Gardens by the Bay is an amazing activity that has ranked third on “Things to do in Singapore” by Tripadvisor, has “reached more than 40 million visitors to date”, and is in the “world’s top 20 most checked-in places on Facebook”. Due to this, we thought it would be best to provide you with an in-depth guide to properly feature the Gardens.
The entire park is a futuristic take on horticulture. Its Super Tree Groves measure between 82 and 164 feet tall and serve as vertical climbers for over 200 species and varieties of bromeliads, orchids, ferns, and tropical flowers as well as the ability to harvest solar energy for the grounds. Within this pavilion, visitors can ascend 72 feet up to the OCBC Skyway to capture panoramic views of the Gardens and Marina Bay skyline for an extra fee. While this attraction is beautiful during the day, we highly recommend people to come at night as well to witness one of two Garden Rhapsody shows that occur at 7:45pm and 8:45pm on a daily basis which showcase the Super Trees in their lit up beauty choreographed to music.
Although the Cloud Forest requires an admission fee to enter, it is well worth it. Spanning 0.8 hectares, it is “about as big as 60 Olympic-sized swimming pools”. Within its glass enclosure, visitors will find a man-made mountain that is also home to the world’s tallest indoor waterfall. Whilst here, we suggest taking a stroll along the Tree Top Walk for a bird’s eye view of the forest and Cloud Walk to get a close view of the plants lining the huge mountain. The Cloud Walk takes trekkers to the Lost World, where they’ll find vegetation that can be typically found in destinations 6,500 feet above sea level, including Venus fly traps, pitcher plants, and delicate ferns.
The Flower Dome is another attraction that requires an admission fee, but is worth the small price to see the world’s largest glass greenhouse (awarded by Guinness World Record in 2015) alone. With humidity levels consistently between 60 and 80 percent and temperatures between 73 and 77˚F, visitors have the ability to enter a world of eternal Spring. Be prepared to find exotic plants ranging from the African Baobab trees, Fynbos plants, and the Monkey Puzzle Tree within these grounds.
Take a relaxing stroll along the 440-meter boardwalk along the Dragonfly and Kingfisher Lake for some scenic photos. Take the time to admire some of the larger-than-life dragonfly sculptures while real ones graze the lakes and plants nearby and use the binocular stations to view them close-up. If you’re lucky, you may even see some wild Marina otters!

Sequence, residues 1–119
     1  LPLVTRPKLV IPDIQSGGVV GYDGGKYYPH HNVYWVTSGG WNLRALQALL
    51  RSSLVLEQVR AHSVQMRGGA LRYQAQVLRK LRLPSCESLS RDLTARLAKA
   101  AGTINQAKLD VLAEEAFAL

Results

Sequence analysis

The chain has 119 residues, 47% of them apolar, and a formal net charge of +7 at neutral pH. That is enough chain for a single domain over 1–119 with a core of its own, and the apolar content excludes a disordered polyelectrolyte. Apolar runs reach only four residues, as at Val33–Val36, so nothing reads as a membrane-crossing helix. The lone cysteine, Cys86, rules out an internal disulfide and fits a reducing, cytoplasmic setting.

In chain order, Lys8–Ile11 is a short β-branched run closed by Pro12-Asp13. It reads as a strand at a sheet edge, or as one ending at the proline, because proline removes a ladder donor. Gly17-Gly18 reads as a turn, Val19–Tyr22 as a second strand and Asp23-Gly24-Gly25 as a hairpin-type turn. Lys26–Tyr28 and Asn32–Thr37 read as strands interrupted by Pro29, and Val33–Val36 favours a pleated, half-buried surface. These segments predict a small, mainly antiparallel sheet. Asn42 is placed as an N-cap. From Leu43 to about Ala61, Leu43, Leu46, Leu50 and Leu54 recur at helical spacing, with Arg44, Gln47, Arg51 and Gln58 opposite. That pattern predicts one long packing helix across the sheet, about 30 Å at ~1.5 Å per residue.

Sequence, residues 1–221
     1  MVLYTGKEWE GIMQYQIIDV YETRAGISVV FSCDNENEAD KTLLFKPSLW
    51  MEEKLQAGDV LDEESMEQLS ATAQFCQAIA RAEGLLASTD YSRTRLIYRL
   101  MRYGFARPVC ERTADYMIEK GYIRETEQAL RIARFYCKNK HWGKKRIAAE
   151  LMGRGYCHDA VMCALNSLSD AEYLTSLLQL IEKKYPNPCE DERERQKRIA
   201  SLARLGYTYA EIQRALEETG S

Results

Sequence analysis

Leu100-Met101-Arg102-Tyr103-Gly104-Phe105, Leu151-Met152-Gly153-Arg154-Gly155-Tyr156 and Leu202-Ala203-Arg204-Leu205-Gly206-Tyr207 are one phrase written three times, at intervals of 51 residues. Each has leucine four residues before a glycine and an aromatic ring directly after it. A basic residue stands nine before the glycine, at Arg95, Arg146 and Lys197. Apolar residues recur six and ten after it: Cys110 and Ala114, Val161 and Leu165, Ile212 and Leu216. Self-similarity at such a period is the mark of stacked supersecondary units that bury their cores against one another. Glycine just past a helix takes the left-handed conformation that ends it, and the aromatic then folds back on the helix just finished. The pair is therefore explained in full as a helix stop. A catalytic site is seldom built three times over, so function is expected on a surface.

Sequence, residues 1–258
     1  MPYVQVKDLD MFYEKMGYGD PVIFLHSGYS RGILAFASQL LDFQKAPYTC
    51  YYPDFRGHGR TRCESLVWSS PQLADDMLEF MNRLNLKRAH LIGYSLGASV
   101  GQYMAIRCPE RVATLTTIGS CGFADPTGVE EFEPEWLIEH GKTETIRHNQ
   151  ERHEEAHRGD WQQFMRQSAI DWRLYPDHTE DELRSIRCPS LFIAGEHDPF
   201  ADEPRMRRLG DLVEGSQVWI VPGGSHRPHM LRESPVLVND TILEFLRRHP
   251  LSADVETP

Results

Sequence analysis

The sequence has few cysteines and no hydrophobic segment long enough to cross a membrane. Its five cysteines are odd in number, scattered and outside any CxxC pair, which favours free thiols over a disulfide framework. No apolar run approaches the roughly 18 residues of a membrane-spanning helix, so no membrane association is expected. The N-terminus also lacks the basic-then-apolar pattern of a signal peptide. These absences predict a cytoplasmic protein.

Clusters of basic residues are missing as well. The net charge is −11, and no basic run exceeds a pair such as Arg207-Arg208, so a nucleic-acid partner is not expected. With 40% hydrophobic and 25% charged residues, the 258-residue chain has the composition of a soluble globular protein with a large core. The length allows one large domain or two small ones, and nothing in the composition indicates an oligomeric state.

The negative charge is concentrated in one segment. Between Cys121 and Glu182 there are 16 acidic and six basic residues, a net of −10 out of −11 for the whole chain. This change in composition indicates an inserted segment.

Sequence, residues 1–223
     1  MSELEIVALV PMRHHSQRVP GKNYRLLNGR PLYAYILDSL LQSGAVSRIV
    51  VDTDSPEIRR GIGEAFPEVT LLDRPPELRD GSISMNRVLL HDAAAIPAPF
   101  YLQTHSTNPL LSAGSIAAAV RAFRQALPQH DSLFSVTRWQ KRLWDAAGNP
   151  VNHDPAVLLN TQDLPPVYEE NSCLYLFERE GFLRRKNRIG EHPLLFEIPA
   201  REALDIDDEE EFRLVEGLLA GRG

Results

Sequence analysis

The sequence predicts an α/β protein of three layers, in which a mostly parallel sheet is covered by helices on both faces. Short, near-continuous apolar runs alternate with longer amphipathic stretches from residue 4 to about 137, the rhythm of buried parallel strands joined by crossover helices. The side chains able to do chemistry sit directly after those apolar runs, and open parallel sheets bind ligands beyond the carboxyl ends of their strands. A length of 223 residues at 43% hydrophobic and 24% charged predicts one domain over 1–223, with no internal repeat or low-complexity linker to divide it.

Head over to the Heritage Garden to dig deeper into Singapore’s diverse history. Within these gardens, visitors will find a range of gardens (Indian, Chinese, Malay, and Colonial) that have made Singapore into the melting pot of cultures it is today. Each of these gardens has their own unique landscaping and plants that can be found native in their locations. Some notable plants that can be found are the Divi-Kaduru plant of the Forbidden Fruit of India, Chinese Pistache, Bread Fruit Tree from Malaysia, and the Rubber Tree from the Colonial Garden.
The World of Plants is essentially a plant museum where visitors can learn about the evolution of plants, their multi-purpose usage, and its effect on ecology. Visit the Discovery region to find some of the rarest and oldest evolved plants in the world including the Multipinnate Cycas and Chinese Desmos. Admire life-sized topiary animals at the Web of Life. Go to Understorey to learn about mushrooms and what their role is like as a decomposer. There are tons to learn here for children and adults alike.
For those of you with children, we would highly suggest visiting the Far East Organization Children’s Garden as well, especially so that they can take the essential break from learning about flora and fauna. The entire section is filled with interactive playing activities and includes a Toddler Play Zone for those younger than 5 years of age, Rainforest Tree Houses and a water play area for those between the ages of 6 and 12. Although there are dry play areas for all age groups, you may want to consider bringing their swimwear to cool down and splash around in the water features.
Other attractions are on the smaller size, which includes the Sun Pavilion (showcasing succubuses and cacti that live in drylands), The Canyon (featuring more than 60 naturally intriguing rock forms with a backdrop of 200 exotic plant species), and the Art Sculptures (containing a collection of more than 40 unique sculptures, crafts and stone works from across the globe). While these are also intriguing exhibits, they do not take as much time as other attractions within the Gardens and can be admired whilst making your way to other sections of grounds.
Spanning 250 acres of space, we understand that Gardens at the Bay is huge! Consequently, we highly recommend mapping out your journey beforehand. While the attraction does loan audio guides and headsets for a price, visitors can download their mobile apps Gardens by the Bay and Plant Explorer ahead of time for free. Alternatively, if you would prefer to cut down on the amount of walking throughout the gardens, you can choose to hop onto a 22-seater Audio Tour through the Cooled Conservatories, Heritage Gardens, Meadow, and Supertree Grove, or try out their Auto Rider, which is Asia’s first fully operational self-driving vehicle in the comfort of an airconditioned vehicle with live commentary.